Raquel Tuohy Mrs. Pastor AP Lit/Comp 7 April 2013 Hamlet Maybe one of the most uncertain characters in Shakespeare’s Hamlet is the queen, Gertrude. She is Hamlet’s mom and the spouse of her dead spouse’s bro, King Claudius.
As the reader, we only see her briefly, however she still manages to be a main figure in Hamlet playing the role of the evasive and sometimes shallow queen. There are several concerns surround the life of Queen Gertrude, starting with even prior to the play, having to do with the death of her other half, Hamlet’s father.
When the play starts, she has actually currently remarried to Hamlet’s Uncle Claudius within such a short amount of time. This is rather surprising and revolting to her son Hamlet, who is still grieving over the loss of his daddy, however it appears that his mom has actually already carried on. That could just suggest that perhaps Gertrude was cheating on the king with her sibling and her husband’s death was all however hassle-free for her. The ghost of Hamlet’s father offers his child disturbing info about the queen, calling her “that incestuous, that adulterate beast,” (Act I, Scene I).
Nevertheless, there is no definitive proof, nor Shakespeare ever addresses it in the play, leaving his audience with a sense of wonder about the queen’s dedication to her partner. The thing that may interest the reader the most about the character of Gertrude is why she wed Claudius so all of a sudden after her other half’s death. Was it since she knew that she needed a guy to help her rule? Or was the meaning behind the courtship less malevolent than it appears? There lies the most essential question: was it true love or was it politics that brought Claudius and Gertrude together?
Hamlet paints the picture of Gertrude as an obedient and dedicated woman to his dad, however his viewpoint transforms during the queen’s second marriage. Hamlet doesn’t understand why Gertrude, who is identified as the “th’imperial jointress” (Act I, Scene I) to the throne of Denmark, would need to marry somebody so quickly when she currently wields power in the royal family. Potentially the most haunting concern about Gertrude’s character is whether she knows Claudius killed her first partner. This likewise ties in with the question about Gertrude’s fidelity.
If she did cheat on the previous king with Claudius than possibilities are she more than likely had a function in her first hubby’s death. Claudius would consider her as an accomplice and confide in her, however he never ever does throughout Hamlet. Additionally, Gertrude expresses strong feelings about Ophelia and Hamlet, but never for Claudius, which is strange since they are married. Claudius tells Gertrude that he loves her, but she does not return the sentiment, which once again is bizarre because they are husband and wife.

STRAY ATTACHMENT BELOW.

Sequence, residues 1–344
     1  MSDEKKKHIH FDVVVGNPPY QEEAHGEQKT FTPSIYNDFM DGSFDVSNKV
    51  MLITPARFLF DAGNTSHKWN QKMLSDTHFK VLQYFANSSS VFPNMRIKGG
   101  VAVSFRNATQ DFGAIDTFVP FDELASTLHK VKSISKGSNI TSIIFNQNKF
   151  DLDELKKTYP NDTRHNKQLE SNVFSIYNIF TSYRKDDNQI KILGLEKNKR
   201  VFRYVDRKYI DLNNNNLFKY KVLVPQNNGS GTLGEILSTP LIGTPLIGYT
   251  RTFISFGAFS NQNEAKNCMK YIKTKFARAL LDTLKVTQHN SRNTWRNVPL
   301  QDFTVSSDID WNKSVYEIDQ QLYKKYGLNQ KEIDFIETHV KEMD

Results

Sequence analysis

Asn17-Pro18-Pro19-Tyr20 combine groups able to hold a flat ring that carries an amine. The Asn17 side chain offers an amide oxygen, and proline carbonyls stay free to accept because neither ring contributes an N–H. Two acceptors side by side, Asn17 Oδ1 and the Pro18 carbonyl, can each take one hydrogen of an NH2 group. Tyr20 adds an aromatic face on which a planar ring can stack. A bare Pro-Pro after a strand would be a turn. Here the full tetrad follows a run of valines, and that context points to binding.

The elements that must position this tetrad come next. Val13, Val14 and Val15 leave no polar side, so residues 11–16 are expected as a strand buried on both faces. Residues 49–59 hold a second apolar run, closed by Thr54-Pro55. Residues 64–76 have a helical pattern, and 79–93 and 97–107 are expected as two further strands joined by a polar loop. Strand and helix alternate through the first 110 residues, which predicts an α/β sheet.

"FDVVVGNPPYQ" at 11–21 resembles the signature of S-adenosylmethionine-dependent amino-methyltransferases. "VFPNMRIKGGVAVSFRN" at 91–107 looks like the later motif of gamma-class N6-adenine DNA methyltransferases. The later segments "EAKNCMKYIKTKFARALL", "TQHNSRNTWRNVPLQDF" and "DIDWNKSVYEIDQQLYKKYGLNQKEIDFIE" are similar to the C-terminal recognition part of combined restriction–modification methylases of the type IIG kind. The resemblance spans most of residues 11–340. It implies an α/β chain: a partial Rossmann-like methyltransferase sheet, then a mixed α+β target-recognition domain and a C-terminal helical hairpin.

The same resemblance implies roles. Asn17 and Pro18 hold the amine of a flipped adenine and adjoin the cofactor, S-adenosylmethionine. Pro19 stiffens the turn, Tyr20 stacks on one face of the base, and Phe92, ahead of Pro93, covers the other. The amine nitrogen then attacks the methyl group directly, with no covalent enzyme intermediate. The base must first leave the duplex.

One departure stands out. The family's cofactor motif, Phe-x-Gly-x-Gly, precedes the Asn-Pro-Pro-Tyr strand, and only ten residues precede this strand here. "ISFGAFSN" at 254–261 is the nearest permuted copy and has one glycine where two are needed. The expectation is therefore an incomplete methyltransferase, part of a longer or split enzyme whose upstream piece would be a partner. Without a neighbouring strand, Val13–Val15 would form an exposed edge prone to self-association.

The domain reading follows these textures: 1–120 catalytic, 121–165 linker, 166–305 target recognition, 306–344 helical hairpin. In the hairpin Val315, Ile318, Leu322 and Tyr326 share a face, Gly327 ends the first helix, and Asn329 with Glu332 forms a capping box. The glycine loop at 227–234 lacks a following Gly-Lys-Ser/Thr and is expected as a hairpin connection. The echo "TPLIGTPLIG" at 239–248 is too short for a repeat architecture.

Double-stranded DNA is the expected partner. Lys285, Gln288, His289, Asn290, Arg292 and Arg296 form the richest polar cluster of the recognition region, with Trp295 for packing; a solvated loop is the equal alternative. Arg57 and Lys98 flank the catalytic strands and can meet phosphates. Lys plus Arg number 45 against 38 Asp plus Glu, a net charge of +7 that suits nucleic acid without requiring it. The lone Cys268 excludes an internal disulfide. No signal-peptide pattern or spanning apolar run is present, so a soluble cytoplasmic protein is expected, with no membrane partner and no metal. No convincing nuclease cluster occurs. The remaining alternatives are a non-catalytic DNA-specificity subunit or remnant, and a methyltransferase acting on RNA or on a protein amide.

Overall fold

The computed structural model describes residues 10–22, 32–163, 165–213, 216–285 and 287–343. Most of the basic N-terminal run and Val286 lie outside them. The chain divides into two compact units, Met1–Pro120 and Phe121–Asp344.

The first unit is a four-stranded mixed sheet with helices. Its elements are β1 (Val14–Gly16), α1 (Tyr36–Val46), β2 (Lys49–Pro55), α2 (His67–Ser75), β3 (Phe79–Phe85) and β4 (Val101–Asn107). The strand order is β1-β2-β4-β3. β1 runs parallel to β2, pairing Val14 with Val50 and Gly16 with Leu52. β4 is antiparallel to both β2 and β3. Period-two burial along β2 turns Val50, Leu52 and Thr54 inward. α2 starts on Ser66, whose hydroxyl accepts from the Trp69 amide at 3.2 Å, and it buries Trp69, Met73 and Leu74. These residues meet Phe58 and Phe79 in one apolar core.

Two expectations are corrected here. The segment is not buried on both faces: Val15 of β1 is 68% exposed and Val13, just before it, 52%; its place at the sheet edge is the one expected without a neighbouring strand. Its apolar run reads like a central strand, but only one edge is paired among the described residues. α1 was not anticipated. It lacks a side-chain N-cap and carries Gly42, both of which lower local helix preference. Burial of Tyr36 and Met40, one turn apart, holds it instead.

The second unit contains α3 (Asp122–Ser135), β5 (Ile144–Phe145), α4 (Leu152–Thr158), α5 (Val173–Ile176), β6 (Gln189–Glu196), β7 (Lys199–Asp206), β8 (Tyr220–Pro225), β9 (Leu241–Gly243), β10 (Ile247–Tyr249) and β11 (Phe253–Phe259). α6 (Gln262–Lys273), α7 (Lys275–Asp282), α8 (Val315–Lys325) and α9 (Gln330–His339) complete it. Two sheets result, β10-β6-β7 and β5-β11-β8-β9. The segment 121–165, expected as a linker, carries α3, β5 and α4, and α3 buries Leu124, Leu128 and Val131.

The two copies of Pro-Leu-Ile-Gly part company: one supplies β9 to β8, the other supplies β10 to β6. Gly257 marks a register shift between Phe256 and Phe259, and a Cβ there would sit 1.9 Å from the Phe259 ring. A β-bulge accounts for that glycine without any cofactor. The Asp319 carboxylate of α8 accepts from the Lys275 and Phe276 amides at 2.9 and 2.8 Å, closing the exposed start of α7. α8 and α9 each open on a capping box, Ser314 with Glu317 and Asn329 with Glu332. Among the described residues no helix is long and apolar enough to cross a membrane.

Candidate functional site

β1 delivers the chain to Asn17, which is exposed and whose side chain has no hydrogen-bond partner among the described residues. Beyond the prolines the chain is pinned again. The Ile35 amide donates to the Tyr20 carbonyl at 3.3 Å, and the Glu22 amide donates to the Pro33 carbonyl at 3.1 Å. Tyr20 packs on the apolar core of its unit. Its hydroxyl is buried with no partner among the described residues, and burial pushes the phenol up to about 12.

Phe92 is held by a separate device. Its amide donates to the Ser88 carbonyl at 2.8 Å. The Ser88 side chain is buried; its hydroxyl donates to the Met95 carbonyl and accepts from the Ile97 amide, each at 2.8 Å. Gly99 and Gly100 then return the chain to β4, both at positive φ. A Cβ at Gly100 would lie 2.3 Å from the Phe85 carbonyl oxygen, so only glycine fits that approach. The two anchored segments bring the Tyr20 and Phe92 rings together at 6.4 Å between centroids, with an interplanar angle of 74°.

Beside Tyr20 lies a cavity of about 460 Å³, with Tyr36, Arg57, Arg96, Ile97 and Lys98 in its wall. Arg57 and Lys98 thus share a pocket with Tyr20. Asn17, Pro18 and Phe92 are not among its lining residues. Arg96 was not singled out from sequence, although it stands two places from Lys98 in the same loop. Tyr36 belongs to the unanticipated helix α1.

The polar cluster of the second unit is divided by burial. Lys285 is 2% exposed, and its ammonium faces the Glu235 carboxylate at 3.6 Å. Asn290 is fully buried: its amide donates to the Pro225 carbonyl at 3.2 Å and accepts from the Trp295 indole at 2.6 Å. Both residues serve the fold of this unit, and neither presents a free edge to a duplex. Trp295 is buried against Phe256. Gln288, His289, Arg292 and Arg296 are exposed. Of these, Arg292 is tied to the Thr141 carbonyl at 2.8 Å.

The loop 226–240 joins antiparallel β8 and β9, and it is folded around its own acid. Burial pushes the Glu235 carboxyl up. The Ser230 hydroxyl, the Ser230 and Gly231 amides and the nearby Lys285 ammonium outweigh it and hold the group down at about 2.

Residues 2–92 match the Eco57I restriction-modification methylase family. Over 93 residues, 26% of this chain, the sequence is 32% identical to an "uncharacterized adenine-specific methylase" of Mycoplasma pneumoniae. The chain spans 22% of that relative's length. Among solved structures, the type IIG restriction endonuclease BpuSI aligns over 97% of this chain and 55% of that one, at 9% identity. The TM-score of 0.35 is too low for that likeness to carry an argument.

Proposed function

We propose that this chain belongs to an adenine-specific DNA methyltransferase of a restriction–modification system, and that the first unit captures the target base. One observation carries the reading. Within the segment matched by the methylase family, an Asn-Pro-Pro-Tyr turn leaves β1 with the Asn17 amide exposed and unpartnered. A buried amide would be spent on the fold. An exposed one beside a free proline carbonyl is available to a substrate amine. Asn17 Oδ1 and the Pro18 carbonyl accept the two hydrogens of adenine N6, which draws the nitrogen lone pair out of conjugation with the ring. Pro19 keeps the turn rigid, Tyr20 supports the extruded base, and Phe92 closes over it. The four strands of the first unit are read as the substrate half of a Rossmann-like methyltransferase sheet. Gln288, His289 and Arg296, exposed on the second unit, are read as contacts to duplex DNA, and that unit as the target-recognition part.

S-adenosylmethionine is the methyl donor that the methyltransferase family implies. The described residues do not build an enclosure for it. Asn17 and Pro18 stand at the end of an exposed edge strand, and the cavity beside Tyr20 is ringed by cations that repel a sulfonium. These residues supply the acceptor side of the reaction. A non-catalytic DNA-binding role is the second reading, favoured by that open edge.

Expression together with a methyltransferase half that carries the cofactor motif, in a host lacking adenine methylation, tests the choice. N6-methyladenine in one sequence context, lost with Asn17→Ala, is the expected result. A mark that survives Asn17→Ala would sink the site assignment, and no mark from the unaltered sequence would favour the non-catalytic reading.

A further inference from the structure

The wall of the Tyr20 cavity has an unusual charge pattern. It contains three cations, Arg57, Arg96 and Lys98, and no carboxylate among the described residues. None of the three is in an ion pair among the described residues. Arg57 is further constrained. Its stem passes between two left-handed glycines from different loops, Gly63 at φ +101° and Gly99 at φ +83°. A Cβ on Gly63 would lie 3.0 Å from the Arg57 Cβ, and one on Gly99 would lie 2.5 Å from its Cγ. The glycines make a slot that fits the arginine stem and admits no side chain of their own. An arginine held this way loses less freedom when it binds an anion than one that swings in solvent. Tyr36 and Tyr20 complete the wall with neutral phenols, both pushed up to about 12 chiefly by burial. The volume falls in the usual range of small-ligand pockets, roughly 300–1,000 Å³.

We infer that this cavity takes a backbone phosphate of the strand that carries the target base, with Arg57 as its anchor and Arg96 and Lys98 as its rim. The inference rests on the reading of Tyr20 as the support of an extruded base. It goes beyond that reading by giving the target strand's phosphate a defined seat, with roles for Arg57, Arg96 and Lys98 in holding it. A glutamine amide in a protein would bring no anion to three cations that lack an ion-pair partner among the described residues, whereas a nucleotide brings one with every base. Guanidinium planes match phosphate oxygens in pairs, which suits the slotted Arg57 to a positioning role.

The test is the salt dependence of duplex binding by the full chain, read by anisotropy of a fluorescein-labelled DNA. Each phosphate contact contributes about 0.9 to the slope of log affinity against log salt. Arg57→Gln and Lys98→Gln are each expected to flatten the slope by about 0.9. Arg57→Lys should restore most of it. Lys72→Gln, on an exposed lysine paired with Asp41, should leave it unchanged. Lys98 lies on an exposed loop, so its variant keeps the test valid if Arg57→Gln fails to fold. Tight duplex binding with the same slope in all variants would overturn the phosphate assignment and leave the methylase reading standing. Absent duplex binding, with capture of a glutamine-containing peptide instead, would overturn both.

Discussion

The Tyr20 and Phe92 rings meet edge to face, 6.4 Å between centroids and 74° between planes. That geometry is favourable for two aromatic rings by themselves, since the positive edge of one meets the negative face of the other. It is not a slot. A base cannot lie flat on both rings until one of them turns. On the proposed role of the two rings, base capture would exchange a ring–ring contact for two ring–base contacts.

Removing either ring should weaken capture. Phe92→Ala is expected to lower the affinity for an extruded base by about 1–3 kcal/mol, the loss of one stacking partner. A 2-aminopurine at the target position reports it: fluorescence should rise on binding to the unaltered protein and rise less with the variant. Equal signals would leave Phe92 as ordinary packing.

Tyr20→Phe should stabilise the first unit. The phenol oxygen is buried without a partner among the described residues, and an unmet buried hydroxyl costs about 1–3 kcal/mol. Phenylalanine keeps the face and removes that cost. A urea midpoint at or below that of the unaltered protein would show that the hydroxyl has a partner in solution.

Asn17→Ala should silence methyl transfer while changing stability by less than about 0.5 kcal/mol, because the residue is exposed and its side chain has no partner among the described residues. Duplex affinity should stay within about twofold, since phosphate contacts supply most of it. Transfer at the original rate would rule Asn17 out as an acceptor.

There are no definitive textual recommendations about Gertrude’s involvement in her first partner’s poisoning. It just is another component of Gertrude’s character that is shrouded in secret. One redeeming quality about the queen is her steadfast loyalty to Hamlet. She loves her kid in spite of his apparent hostility towards her for weding Claudius. Plus, Gertrude continues to support him even when he lashes out at her, stating the even worse possible things a kid could state to his mother.
When Hamlet kills Polonius in a minute of insanity, Gertrude realizes that she needs to inform the king that her boy was the one who committed the murder, but she lies to her hubby to secure her child. She tells Claudius that Hamlet is contrite and “weeps for what he has done” (Act IV, Scene I), in order to decrease the punishment that is sure to be caused on Hamlet by Claudius. In the last scene of the play, Gertrude expresses her deep concern for Hamlet when he wishes to duel Laertes who is grieving over the loss of his father and sis and blames Hamlet for their deaths.
At the end of the duel, Gertrude even drinks the wine for Hamlet, not knowing it is packed with toxin. Or does she? It is still disputed by scholars whether Gertrude understood the white wine was harmful or not, however regardless, she didn’t need to drink it. She drank it for Hamlet because her maternal instincts triumphed over Claudius’ caution to leave the harmful glass of white wine alone. Another problem that comes up time in time once again in Shakespeare’s play is Hamlet’s fascination, boarding on obsession, with Gertrude’s sex life. It’s trange for a boy to be interested in what his mom does behind closed doors, but this stimulated interest seemed to have actually begun around the time of Gertrude’s second marital relationship to Claudius. Early on in the play, the reader discovers that Hamlet is shaken by his mom’s hasty marital relationship to Claudius, leading Hamlet to think that the world is infected, like an “unweeded garden” that’s “gross and rank in nature” (Act I, Scene 2). Hamlet’s opinion of his mom may color the reader’s view of Gertrude, seeing her as a repellent female who leaps from one man to the next.
There are more concerns than answers surrounding Gertrude, the queen of Denmark. We don’t know if she was unfaithful or if she was complicit with Claudius in the murder of her very first hubby. However, the one attribute in Gertrude that nobody can challenge is the depth of love that she posses for her kid. Gertrude is Shakespeare’s the majority of mystical character since she in elaborately woven throughout the play, but her intentions remain unclear to the readers.